We spent the afternoon chasing Ainsley all over the place: first, at the house, then we went to the park for a good long time. We’re pooped!
This parenting bit is some hard work. You get some awesome moments of happiness, to be sure, and I love being a Daddy, but this work is not for the faint-hearted or the uncommitted. We’ve been up several nights this week helping Ainsley sleep after major coughing attacks. We clean up the house and get all the food out of the carpet only to watch our little darling get it messy again as soon as she gets up. My wonderful book collection, so lovingly sorted by author and genre when we moved in, is a gigantic, haphazard mess because we don’t have time to put them back in order after Ainsley pulls them off the shelves. And let’s not even talk about what I’ve seen in her diapers, or the sheer amount of snot, spit and puke we’ve wiped up or absorbed on our clothes over the last fifteen months. No, being a parent isn’t easy – but nothing worth doing well is ever easy.
In tonight’s reading from the Gospel of John, Jesus talked to his disciples about the pain of delivering a child. He did get it right, you know: holding the new life in your arms drives all the exhaustion and pain right out of you. I should know: I didn’t sleep for almost twenty hours before Ainsley was born! J In all seriousness, Kristin did enjoy holding our little one almost right away when she was born, and the 30 hours of labor she had endured were reduced to almost nothing in that moment. But that doesn’t mean Kristin was ready to get up and dance in celebration. The joy of becoming a parent is beyond description, but it leaves scars and changes your life forever.
Living the life of Christian discipleship is much the same. When Jesus was telling his disciples about his coming death and what it would do to them, he knew they wouldn’t understand, because you can’t understand this kind of thing until you’ve actually lived through it. Jesus knew that the crucifixion would not be a “get over it and move on” experience; the disciples would be tested, pushed and pulled past their breaking point, and finally scattered and left to fend for themselves, before the resurrection would bring all things back into some semblance of restoration. But the resurrection doesn’t reverse the effects of the crucifixion: the scars remain. The resurrection was the joyful end to a terrible ordeal, and, like a parent with a newborn child, resurrection joy can never be taken away from those who follow Jesus Christ.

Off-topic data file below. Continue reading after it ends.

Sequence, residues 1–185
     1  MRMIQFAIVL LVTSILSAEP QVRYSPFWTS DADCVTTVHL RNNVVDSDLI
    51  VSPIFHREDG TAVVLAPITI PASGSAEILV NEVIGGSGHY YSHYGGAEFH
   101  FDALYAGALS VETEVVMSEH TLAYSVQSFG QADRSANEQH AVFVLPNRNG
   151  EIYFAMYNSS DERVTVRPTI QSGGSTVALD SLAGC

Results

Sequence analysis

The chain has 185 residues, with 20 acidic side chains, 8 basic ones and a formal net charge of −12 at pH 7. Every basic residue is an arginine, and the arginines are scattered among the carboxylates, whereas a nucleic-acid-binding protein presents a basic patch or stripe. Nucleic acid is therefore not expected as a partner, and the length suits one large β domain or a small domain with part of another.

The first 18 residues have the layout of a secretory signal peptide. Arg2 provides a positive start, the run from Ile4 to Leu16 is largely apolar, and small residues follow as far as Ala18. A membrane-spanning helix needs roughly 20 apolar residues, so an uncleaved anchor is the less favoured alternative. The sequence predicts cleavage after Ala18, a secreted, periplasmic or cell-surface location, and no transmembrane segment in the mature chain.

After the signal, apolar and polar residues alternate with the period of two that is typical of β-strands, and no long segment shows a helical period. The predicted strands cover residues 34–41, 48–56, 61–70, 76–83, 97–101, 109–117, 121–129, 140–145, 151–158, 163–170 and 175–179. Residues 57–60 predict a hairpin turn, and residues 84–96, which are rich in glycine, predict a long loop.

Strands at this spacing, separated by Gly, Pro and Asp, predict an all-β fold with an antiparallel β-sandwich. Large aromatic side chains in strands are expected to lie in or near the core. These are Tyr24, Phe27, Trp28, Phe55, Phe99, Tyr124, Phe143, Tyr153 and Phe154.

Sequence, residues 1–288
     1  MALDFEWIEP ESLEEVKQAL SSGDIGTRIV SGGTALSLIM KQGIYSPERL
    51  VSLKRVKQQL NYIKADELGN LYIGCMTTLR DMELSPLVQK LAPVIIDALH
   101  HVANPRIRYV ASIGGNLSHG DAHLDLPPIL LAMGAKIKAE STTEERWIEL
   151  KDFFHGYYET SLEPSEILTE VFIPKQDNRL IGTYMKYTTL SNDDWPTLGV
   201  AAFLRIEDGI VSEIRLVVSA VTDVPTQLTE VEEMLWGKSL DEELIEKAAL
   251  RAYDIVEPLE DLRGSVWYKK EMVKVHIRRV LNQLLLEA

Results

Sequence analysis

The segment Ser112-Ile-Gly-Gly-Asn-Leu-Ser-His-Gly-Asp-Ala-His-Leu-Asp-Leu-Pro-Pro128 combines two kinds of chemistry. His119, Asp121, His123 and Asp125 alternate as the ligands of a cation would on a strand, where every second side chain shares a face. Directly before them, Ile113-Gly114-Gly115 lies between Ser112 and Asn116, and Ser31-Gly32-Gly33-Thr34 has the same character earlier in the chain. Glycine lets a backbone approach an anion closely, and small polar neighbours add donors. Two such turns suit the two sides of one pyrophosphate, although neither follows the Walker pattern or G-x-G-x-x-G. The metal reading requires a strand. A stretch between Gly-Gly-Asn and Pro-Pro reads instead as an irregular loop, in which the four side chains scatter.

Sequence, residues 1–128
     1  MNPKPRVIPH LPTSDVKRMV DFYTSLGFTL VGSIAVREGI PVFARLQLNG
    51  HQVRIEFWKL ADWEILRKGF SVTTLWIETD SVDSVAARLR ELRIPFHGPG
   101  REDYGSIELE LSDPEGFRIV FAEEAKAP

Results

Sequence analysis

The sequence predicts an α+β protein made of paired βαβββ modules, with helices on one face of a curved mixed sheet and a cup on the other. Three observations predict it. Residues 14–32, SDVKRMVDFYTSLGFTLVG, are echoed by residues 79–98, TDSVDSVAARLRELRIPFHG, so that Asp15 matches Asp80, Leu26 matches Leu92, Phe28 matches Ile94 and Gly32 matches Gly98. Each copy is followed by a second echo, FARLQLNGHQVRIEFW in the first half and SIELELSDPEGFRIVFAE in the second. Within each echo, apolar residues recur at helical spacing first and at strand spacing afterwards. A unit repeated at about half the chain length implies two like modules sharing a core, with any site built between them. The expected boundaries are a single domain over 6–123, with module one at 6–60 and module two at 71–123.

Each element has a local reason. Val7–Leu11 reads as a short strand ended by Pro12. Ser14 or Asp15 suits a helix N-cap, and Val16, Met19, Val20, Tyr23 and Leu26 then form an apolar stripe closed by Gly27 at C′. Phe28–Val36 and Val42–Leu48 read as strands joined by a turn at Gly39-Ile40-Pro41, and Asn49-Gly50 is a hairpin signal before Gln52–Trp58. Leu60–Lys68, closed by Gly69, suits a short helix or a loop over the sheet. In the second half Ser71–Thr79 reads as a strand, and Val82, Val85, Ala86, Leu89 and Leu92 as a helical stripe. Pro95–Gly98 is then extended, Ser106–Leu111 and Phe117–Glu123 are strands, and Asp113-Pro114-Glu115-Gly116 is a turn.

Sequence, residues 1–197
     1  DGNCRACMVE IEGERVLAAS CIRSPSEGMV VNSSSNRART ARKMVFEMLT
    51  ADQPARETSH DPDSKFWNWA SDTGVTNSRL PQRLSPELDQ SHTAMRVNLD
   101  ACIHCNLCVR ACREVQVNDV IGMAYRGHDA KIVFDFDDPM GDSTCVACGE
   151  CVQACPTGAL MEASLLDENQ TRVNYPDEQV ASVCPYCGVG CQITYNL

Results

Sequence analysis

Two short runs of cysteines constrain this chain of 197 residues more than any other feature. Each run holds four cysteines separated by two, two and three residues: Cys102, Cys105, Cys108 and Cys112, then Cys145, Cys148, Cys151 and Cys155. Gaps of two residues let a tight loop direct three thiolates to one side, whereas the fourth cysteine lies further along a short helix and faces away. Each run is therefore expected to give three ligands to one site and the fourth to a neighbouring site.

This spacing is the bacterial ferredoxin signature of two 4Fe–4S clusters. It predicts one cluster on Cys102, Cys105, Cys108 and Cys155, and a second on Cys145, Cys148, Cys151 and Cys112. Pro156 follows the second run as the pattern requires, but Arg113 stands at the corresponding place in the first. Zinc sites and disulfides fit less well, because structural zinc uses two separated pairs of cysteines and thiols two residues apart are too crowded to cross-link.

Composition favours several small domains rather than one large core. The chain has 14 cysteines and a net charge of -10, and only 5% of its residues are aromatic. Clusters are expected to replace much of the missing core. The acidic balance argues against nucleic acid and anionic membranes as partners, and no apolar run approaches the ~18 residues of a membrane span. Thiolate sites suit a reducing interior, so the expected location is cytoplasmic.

You’re in the crucible of your semester: it’s Dead Week, finals are looming and while the end is in sight, there is much to be accomplished before the work is completed. You’re delivering the fruit of four months of gestation, if I might stretch a metaphor to its breaking point. There are probably days when you feel like just walking away from it all and settling for the anesthesia of happiness instead of the deep joy that comes from an ordeal such as this. I pray that you won’t let that happen. There is great joy and grace to be gained in going all the way, in following along the hard and narrow road and not taking a side trip onto Easy Street. I won’t commit the heresy of comparing your semester to the ordeal of the crucifixion, but I will ask you this: in grace you’ve been set free to serve God – wouldn’t a fully committed, 100 % push to the end of the semester be a fine and fitting way to offer praise to the God who gave you this opportunity in the first place?
Wherever we are, whoever we are, our lives mean more if we live them deeply, fully committed, going all the way. Yes, the road can be hard. Yes, living this life fully can be painful. But you do not live this life alone, and you do not live it without help. Your savior Jesus Christ has gone all the way before you, that in Him you may have peace and joy – even in the midst of your toiling. Be blessed friends, and work, for Christ has called you here to give it all you’ve got. Don’t settle for anything less. Amen.